Germany’s Economy Minister Robert Habeck still has a lot of work to do as Germany plunged into recession over the winter. Florian Gärtner—Photothek/Getty Images
For those looking for evidence that financial markets don’t always reflect the real economy, look no further than Germany. Less than a week after the country’s blue chip index hit a new all-time high, the federal statistical agency reported Thursday that Europe’s biggest economy is in recession. Downward revisions to earlier estimates show that gross output fell for two consecutive quarters (0.5% at the end of last year and 0.3% at the beginning of this year), meeting the criteria for a technical recession.
Originally, official estimates suggested a stagnation of 0.2% each.
So what is going on here?
The root cause of the country’s ill health is a contraction in private consumption during the winter months, exacerbated by rising energy costs due to the abrupt shift away from dependence on cheap Russian oil and gas.
Domestic consumers typically have relatively low homeownership rates and a lack of an equity culture, so they have to save a sizeable portion of their income.
However, the 1.2% drop in the first quarter was worse than expected as inflation, at over 9% per annum, weighed on their disposable income.
Warmer temperatures and lower utility costs point to short-term relief, but a combination of factors has led to higher interest rates dampening activity in capital-intensive industries such as manufacturing and construction, which were once dynamic. It has been suggested that Europe’s economic engine may eventually stall.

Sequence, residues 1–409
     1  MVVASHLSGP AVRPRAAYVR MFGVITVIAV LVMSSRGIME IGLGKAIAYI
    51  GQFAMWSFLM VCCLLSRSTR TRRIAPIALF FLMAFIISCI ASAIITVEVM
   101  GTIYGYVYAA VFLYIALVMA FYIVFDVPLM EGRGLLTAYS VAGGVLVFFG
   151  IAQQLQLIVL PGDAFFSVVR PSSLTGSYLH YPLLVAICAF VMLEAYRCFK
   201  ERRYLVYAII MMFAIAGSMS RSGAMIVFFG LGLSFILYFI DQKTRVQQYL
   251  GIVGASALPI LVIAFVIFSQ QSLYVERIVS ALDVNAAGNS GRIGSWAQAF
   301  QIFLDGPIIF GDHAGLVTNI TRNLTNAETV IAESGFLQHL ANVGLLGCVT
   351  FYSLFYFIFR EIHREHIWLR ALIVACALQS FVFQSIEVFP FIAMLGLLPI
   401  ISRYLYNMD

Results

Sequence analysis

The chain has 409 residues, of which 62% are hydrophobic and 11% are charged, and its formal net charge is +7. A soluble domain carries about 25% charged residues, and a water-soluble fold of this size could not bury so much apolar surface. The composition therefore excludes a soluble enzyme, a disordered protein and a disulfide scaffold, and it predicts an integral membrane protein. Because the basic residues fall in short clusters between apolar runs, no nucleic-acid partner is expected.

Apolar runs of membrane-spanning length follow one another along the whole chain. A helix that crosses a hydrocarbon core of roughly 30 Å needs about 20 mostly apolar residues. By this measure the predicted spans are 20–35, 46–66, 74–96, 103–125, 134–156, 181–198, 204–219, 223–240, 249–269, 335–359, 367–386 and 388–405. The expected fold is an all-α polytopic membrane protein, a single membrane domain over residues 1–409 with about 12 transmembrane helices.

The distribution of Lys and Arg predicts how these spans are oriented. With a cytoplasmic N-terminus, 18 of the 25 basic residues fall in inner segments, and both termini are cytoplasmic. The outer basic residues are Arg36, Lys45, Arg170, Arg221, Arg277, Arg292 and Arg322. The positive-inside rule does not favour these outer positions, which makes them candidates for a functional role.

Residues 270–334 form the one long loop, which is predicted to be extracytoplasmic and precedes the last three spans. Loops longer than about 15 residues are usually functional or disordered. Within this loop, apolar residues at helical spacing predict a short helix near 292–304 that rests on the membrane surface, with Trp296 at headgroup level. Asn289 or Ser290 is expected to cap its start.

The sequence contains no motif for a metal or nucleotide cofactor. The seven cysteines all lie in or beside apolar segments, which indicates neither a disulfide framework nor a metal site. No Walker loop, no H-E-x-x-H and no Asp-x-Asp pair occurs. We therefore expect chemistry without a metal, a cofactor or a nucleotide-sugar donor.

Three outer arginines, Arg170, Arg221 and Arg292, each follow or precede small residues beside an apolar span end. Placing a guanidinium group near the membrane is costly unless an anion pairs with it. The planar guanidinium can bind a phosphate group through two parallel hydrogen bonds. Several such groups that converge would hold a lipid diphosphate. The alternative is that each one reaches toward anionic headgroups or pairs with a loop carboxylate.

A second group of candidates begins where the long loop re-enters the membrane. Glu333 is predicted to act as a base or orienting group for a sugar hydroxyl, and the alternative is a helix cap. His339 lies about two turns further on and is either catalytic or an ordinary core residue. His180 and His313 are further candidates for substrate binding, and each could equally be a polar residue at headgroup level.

The Düsseldorf-based Macroeconomic Policy Institute predicts only “tepid growth” over the coming summer months. “Unlike other phases of expansion, China’s recovery has not been underpinned by robust investments that benefit the German export economy.”
Restoration is already underway
The chief economist at Hamburg Commercial Bank, which co-publishes S&P Global and Germany’s Purchasing Managers Index, believes the recession is already over thanks to a service-sector recovery.
“There are still signs of stuck demand here, such as: [COVID]Whether it’s traveling or eating out at a restaurant,” said Silas de la Rubia. luck.
Moreover, the financial sector is not going to curb the supply of credit to the real economy, as was widely feared in the US following the collapse of three major regional banks.
“Lending terms have certainly tightened, but historically they are not excessive and not enough to worry about a credit crunch,” said Della Rubia.
Nonetheless, he expects growth to be just 0.2% for the full year, due to rising borrowing costs and a weak outlook for China’s exports.
The fact that the 40 blue-chip German companies that make up the DAX closed at record highs on Friday amid such challenging economic conditions is due in part to an important differentiating aspect of the DAX, Della said. Rubia explained.
“It’s a so-called performance measure based on total shareholder returns, which means that the automatic reinvestment of dividends is factored into the calculation,” he said. “If you look at the S&P 500 equivalent ‘price index’ adjusted for this effect, you’ll see that it’s still well below all-time highs.”